84(R) - 2015
Senate Transportation
Senate Transportation
Transportation & Infrastructure

Vote Recommendation

  • Neutral
  • Neutral
  • Neutral
  • Neutral
  • Neutral


Robert Nichols


Jane Nelson

Bill Caption

Proposing a constitutional amendment dedicating certain revenue derived from the tax imposed on the sale of motor vehicles to the state highway fund.

Fiscal Notes

The resolution would constitutionally dedicate a portion of motor vehicle sales tax revenue; therefore appropriations from this revenue would not be restricted by the Article VIII, Section 22 spending limit.  The bill would have a negative effect on the state's cash flow and may require additional Tax Revenue Anticipation Notes to be issued to meet the state's annual cash flow needs.

Bill Analysis

SJR 5 would amend the Texas Constitution to allocate certain taxes and fees related to the sale of vehicles to the state highway fund. The bill states that allocation will not take place until the first $2.5 billion dollars is taken in by a motor vehicle sale by a private seller (152.047), car dealership metal plates (152.121), and the retail sales tax on new and used cars from a dealership. (152.021). Only after the comptroller makes a deposit of 1/4 of revenue to the foundation school fund and remaining revenue to the credit of the general fund as highlighted in Sec. 152.122 would revenues be deposited in the state highway fund. After the $2.5 billion is accrued, the remaining monies would be split evenly between the state highway fund and general revenue.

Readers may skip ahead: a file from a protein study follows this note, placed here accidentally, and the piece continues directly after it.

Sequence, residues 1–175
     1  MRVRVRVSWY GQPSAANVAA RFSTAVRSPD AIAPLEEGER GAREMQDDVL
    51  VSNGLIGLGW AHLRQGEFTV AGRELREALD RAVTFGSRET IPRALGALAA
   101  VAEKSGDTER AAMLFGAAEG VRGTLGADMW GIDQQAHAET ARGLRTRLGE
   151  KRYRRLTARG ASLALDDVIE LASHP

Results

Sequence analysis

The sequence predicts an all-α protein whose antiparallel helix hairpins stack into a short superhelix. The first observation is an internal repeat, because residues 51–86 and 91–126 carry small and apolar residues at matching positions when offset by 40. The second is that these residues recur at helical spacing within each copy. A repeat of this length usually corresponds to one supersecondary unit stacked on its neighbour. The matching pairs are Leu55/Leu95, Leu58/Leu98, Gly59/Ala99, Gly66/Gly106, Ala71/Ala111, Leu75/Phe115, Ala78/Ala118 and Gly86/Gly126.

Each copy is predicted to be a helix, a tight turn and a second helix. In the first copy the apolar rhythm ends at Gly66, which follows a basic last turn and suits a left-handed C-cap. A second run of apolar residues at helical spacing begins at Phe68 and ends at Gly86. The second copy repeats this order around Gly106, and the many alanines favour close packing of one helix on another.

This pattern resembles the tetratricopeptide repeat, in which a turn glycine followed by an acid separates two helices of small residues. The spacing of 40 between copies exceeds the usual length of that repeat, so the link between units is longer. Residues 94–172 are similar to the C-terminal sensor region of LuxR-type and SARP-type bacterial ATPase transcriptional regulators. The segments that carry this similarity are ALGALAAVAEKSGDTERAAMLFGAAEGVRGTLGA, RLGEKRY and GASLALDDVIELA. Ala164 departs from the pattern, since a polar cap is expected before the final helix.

Vote Recommendation Notes

This resolution does not add any additional taxes, and it specifically dedicates revenue to the state highway fund, rather than being designated as general revenue. This legislation would help to bridge a potentially significant financing gap in funding for Texas highways. While it makes sense to dedicate state transportation-related tax revenue to transportation infrastructure funding, this bill would also grow government by removing transportation funding from General Revenue and putting it into a dedicated fund, effectively raising the spending cap. One way to address this would be to amend the legislation to require that the money that gets diverted from general revenue to the state highway fund count against the current spending cap.

We support using transportation revenues to fund transportation infrastructure, however, our support of that aspect of the bill is mitigated by our concern about growing government by raising the spending cap. Therefore we are neutral on this legislation.